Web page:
Following allegations on the use of the software by the Hungarian government, Commissioner Reynders announced an investigation into the matter and called for urgent action against the use of the spyware.

The EU’s global human rights sanctions regime allows the EU to adopt targeted sanctions against entities deemed responsible for violations or abuses that are “of serious concern as regards the objectives of the common foreign and security policy”, including violations or abuses of freedom of peaceful assembly and of association, or of freedom of opinion and expression (art. 1, par. d, iii and iv of Council Decision CFSP 2020/1999). These rights have been repeatedly violated using NSO technology, and, as highlighted by the UN Special Rapporteur on freedom of opinion and expression, the use of spyware by abusive governments can also facilitate extrajudicial, summary or arbitrary executions and killings, or enforced disappearance of persons, covered by art. 1, par. c, iii and iv of the Decision.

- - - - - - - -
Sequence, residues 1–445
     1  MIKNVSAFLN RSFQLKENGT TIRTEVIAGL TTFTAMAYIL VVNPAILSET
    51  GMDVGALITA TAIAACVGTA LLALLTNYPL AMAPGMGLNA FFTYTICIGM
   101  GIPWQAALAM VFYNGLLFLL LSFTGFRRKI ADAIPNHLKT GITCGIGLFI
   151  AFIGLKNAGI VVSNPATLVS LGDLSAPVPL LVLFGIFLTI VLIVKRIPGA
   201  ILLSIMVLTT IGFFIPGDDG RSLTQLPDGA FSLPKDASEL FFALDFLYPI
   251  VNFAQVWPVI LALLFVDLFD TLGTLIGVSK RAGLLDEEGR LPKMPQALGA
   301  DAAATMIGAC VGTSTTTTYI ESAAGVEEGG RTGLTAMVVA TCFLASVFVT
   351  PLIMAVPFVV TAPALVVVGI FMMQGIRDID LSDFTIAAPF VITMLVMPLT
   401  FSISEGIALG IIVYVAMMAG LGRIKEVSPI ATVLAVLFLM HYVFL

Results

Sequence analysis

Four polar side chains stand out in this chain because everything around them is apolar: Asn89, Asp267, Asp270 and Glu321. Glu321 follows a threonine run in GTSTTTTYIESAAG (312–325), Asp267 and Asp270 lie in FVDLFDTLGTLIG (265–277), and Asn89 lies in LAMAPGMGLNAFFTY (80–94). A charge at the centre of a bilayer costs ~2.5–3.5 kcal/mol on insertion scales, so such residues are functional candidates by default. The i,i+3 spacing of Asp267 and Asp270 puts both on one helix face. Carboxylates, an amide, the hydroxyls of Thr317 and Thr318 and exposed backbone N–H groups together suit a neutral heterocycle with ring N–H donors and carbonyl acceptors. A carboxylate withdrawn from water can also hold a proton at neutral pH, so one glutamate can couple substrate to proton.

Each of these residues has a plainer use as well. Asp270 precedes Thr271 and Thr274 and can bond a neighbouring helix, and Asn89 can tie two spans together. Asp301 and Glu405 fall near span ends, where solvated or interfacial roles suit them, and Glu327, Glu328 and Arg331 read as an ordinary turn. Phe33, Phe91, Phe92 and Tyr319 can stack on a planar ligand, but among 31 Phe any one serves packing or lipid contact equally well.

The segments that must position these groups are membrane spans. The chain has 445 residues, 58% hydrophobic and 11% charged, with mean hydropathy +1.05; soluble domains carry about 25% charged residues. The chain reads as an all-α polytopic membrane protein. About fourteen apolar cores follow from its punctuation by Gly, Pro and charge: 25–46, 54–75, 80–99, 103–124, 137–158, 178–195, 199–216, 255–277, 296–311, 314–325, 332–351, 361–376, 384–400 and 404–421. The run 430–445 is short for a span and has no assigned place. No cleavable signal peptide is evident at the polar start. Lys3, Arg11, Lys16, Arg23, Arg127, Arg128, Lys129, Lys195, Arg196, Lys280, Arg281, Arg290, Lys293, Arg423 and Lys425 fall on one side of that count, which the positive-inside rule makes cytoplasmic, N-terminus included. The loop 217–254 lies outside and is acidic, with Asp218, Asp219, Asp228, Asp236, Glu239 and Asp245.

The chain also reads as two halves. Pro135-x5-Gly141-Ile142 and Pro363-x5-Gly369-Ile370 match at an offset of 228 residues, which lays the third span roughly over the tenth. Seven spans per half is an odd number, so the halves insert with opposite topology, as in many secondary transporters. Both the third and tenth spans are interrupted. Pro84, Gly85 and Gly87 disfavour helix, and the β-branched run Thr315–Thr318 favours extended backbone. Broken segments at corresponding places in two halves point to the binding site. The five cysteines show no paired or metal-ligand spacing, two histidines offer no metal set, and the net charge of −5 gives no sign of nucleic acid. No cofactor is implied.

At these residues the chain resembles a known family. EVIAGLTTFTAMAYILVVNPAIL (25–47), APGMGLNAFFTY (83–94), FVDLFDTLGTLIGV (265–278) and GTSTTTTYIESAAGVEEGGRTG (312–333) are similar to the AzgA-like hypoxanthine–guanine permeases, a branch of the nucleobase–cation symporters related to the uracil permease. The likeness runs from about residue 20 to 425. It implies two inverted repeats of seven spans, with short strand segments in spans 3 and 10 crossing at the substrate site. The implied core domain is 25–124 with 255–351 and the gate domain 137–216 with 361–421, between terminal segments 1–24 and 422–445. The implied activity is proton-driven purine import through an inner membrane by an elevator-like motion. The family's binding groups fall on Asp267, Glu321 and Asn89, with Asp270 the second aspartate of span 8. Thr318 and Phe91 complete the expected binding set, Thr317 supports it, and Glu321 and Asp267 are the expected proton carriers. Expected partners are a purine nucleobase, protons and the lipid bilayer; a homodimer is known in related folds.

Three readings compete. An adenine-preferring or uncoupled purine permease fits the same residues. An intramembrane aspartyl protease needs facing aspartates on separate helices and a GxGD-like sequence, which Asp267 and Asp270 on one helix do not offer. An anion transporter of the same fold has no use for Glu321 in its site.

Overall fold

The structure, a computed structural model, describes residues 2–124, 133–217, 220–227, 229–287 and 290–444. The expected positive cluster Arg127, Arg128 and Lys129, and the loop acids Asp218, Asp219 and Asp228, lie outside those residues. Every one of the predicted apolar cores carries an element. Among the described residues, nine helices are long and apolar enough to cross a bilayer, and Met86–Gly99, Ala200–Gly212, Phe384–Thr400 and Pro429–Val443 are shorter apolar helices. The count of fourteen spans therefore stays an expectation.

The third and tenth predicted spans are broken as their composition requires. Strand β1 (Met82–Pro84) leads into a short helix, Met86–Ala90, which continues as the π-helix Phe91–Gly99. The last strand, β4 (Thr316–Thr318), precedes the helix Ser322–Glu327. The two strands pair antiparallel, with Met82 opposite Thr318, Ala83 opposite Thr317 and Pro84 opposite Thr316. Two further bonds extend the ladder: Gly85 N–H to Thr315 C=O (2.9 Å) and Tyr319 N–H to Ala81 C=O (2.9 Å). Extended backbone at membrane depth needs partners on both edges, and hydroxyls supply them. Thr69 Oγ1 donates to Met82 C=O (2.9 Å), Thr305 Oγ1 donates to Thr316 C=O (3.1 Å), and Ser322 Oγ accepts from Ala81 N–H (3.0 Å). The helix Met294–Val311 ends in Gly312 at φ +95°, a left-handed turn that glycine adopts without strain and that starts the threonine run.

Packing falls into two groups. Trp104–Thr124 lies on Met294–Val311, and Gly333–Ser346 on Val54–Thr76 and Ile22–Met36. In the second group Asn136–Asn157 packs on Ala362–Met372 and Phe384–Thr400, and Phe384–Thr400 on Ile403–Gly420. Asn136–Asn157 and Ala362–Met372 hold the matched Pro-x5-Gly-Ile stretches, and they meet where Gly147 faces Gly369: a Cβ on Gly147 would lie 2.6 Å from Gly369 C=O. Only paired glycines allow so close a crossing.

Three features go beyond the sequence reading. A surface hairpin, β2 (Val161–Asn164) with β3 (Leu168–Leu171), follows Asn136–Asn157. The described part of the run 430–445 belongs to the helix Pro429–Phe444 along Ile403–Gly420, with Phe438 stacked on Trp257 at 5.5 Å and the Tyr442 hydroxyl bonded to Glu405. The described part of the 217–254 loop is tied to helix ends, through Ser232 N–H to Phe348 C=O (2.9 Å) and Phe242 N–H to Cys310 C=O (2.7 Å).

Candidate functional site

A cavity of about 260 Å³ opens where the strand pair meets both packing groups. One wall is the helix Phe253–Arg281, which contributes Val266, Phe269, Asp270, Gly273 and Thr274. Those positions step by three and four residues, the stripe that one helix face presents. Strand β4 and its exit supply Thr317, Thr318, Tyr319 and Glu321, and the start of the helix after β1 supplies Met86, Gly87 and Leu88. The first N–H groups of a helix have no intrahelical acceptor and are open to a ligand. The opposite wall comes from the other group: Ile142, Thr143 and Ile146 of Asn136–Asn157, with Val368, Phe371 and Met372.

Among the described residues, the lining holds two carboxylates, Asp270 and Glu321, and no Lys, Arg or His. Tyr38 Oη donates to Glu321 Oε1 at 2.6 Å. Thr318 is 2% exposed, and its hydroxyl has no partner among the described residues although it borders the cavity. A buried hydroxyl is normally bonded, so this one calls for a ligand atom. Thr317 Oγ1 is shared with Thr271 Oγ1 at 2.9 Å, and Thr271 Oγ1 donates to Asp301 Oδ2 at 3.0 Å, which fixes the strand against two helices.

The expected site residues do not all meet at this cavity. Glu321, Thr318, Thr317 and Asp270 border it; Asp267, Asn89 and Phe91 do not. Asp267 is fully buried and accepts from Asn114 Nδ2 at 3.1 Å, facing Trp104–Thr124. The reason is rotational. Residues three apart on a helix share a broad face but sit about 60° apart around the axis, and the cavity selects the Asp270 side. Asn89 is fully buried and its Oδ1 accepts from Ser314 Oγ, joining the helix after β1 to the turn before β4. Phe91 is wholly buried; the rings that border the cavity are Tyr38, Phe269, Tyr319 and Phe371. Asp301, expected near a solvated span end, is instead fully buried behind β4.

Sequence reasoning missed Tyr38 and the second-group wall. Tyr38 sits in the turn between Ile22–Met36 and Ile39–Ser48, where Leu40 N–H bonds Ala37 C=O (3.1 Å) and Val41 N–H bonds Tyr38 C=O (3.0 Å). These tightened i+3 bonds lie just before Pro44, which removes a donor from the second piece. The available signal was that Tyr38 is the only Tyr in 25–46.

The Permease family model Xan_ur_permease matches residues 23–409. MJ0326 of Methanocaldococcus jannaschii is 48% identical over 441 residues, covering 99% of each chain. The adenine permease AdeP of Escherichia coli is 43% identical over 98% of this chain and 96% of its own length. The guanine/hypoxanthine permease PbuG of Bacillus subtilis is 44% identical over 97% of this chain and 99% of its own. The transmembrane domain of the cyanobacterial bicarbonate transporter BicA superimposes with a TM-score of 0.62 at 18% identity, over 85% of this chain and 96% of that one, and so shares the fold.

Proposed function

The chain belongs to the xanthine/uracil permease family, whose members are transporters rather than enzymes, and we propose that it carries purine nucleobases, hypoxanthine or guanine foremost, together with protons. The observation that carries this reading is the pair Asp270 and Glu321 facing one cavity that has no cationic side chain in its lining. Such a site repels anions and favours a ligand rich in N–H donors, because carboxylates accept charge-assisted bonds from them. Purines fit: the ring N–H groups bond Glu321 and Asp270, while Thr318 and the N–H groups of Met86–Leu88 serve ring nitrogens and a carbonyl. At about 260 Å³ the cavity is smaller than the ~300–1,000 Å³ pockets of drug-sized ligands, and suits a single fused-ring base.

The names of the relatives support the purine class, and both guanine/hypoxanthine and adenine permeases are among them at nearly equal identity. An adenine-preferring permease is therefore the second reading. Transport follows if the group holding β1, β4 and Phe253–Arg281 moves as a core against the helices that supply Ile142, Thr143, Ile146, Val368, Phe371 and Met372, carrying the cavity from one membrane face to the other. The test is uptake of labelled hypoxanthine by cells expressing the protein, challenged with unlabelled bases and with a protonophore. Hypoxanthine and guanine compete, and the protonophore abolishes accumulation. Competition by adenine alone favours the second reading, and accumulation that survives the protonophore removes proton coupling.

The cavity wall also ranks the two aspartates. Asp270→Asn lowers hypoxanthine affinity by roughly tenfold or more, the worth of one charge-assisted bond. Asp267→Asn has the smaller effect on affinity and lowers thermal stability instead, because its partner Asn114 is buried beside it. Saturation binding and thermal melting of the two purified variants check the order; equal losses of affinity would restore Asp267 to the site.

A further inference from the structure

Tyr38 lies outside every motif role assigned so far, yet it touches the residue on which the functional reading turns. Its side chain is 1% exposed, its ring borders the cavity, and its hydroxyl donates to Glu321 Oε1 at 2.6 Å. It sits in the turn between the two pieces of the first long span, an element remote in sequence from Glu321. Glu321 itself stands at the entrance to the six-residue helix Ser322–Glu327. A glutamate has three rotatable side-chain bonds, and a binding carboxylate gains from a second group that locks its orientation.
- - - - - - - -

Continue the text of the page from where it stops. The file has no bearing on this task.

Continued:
On November 3, the US Department of Commerce added NSO Group to its trade restriction list (Entity List), for “acting contrary to the foreign policy and national security interests of the United States”. The Department cited the use of NSO Group tools by foreign government clients to “maliciously target government officials, journalists, businesspeople, activists, academics, and embassy workers” and to enable “foreign governments to conduct transnational repression” by “targeting dissidents, journalists and activists outside of their sovereign borders to silence dissent.” 

The EU should follow suit and urgently put NSO on its global sanction list and take all appropriate action to prohibit the sale, transfer, export, import and use of NSO Group technologies, as well as the provision of services that support NSO Group's products, until adequate human rights safeguards are in place.

Signatories:

Civil society organizations

  1. Access Now

  2. Agir ensemble pour les droits humains

  3. Americans for Democracy & Human Rights in Bahrain (ADHRB)